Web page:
cocktail_bitters

Are bitters good for you?

One of the best part-time jobs I ever had in my youth was with an enterprising bloke who’d abandoned a teaching career to start a gardening business. Leaving aside the undeniable health benefits of working outdoors, the highlight of the day was a hearty counter lunch washed down not with a beer — which would have made the afternoon a long, soporific ordeal — but with a refreshing tall glass of bitters, dry ginger ale and a dash of lime.

You can tell a good bartender — or perhaps an aspiring cocktail mixologist — by the way they introduce the dark-red, syrupy bitters, invariably the iconic brand Angostura. The inexperienced drinkmaker slops it in like cordial and gives the mix a bit of swizzle. In contrast, an expert will pour some bitters down the inside of the glass, turn it a few times to spread the liquid (known as “pinking” the glass) and pour off the residue before adding the ginger ale and, finally, the merest splash of lime essence.

The bitters’ deep spice counters the sweetness of the other ingredients and adds an agreeable zest to what would otherwise be a fairly humdrum fizzy drink. It’s still the drink I order when I’m not having “a drink”, though these days I skip the sugary ginger ale and have it with mineral or soda water and a squeeze of lemon or lime.

Snake oil salesman

I didn’t really think about it back then, but I was partaking in a centuries-old tradition. Bitters is the original patent medicine, essentially an alcoholic beverage infused with various aromatic herbs, roots and fruits.

Sometimes the makers of quack medicines added stuff that was downright dangerous: wormwood, for instance, the notorious active ingredient in absinthe. But, snake oil or not, one thing everyone agrees on about bitters: whether as an apéritif or a digestif, it’s good for the digestion.

As a health tonic, bitters was widely consumed long before the 19th century but the brand now found in every bar in the world was concocted in Venezuela in 1824 by a German physician named Johann Gottlieb Benjamin Siegert. The revolutionary leader Simón Bolívar had appointed him surgeon-general of the military hospital in the town of Angostura (now called Ciudad Bolívar).

Siegert’s “Amargo Aromatico”, intended to treat seasickness and stomach ailments, contained the proven digestive aids gentian, cinnamon and cloves, macerated in dark rum with other spices as well as citrus. (The company remains deliberately vague about the precise formula.) Profitable almost from the get-go, Angostura was soon exported to Trinidad, the USA and England and was famously the pink in the Royal Navy’s pink gin — for strictly medicinal purposes, don’t you know.

Cocktails for two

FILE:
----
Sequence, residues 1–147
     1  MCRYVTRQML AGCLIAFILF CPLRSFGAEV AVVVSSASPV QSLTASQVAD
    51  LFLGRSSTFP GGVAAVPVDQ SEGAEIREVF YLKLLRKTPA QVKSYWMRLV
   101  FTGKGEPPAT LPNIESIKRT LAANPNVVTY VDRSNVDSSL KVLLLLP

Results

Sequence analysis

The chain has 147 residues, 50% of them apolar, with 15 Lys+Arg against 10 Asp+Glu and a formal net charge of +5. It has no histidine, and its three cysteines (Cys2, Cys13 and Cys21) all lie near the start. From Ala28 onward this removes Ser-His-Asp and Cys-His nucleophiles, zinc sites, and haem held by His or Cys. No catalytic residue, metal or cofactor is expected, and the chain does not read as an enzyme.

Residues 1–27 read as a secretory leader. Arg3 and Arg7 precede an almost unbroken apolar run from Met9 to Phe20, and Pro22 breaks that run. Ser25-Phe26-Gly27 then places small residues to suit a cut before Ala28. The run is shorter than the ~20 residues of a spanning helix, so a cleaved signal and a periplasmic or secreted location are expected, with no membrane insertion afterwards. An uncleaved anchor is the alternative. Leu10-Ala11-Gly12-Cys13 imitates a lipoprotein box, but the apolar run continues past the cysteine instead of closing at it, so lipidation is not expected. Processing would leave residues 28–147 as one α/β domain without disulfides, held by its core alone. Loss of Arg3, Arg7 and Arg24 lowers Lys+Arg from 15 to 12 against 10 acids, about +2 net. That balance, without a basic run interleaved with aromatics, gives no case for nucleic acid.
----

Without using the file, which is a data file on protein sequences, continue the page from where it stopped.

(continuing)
Almost as old is Peychaud’s Bitters, created around 1830 by Antoine Amédée Peychaud, a Creole Haitian apothecary who had settled in Louisiana. His clove-scented tonic became a key ingredient in New Orleans’ famous Sazerac, sometimes hailed as the original cocktail.

However, the cocktail predates the Sazerac and indeed both Peychaud’s and Angostura bitters. The earliest written reference is in an 1806 New York publication, Balance and Columbian Repository, which defined a “cock-tail” as “a stimulating liquor composed of spirits of any kind, sugar, water, and bitters; it is vulgarly called a bittered sling”.

While bitters is now synonymous with whisky cocktails such as the Old Fashioned and Manhattan, among other mixers, the enduring success of Angostura in particular has spawned many imitators. In addition, there is a bewildering range of digestive liquors such as Campari and Amaro from Italy, Jägermeister (Germany), Pimm’s (England) and Suze (France) as well as many familiar non-alcoholic varieties including Crodino, Sanbittèr and several brands of chinotto, named after the bitter Italian orange (Citrus myrtifolia) used in its preparation. Chinotto is also an important ingredient in Campari.

So next time you’re in a bar and feel like something refreshing, just point to that little bottle with the ill-fitting label and say, “Make mine a bittered sling, please, in a cool, tall glass.” Your stomach will thank you.

 

The bitters truth

Herbalist Christopher Hobbs lists the following as typical ingredients of bitters:

  • Angelica root (A. archangelica)
  • Artichoke leaf (Cynara scolymus)
  • Bitter orange peel (Citrus aurantium)
  • Blessed thistle leaves (Cnicus benedictus)
  • Gentian root (Gentiana lutea)
  • Goldenseal rhizome (Hydrastis canadensis)
  • Wormwood leaves (Artemisia absinthium)
  • Yarrow flowers (Achillea millefolium)

Add to them tonics such as cascarilla (Croton eluteria), cassia (Cinnamomum cassia) and quinine, the well-known antimalarial and muscle relaxant also used in tonic water, from the bark of the cinchona tree (Cinchona calisaya).

  

Chris Stafford is a writer, reviewer and musician. He once wrote a book about cocktails called With a Twist.

The WellBeing Team

The WellBeing Team

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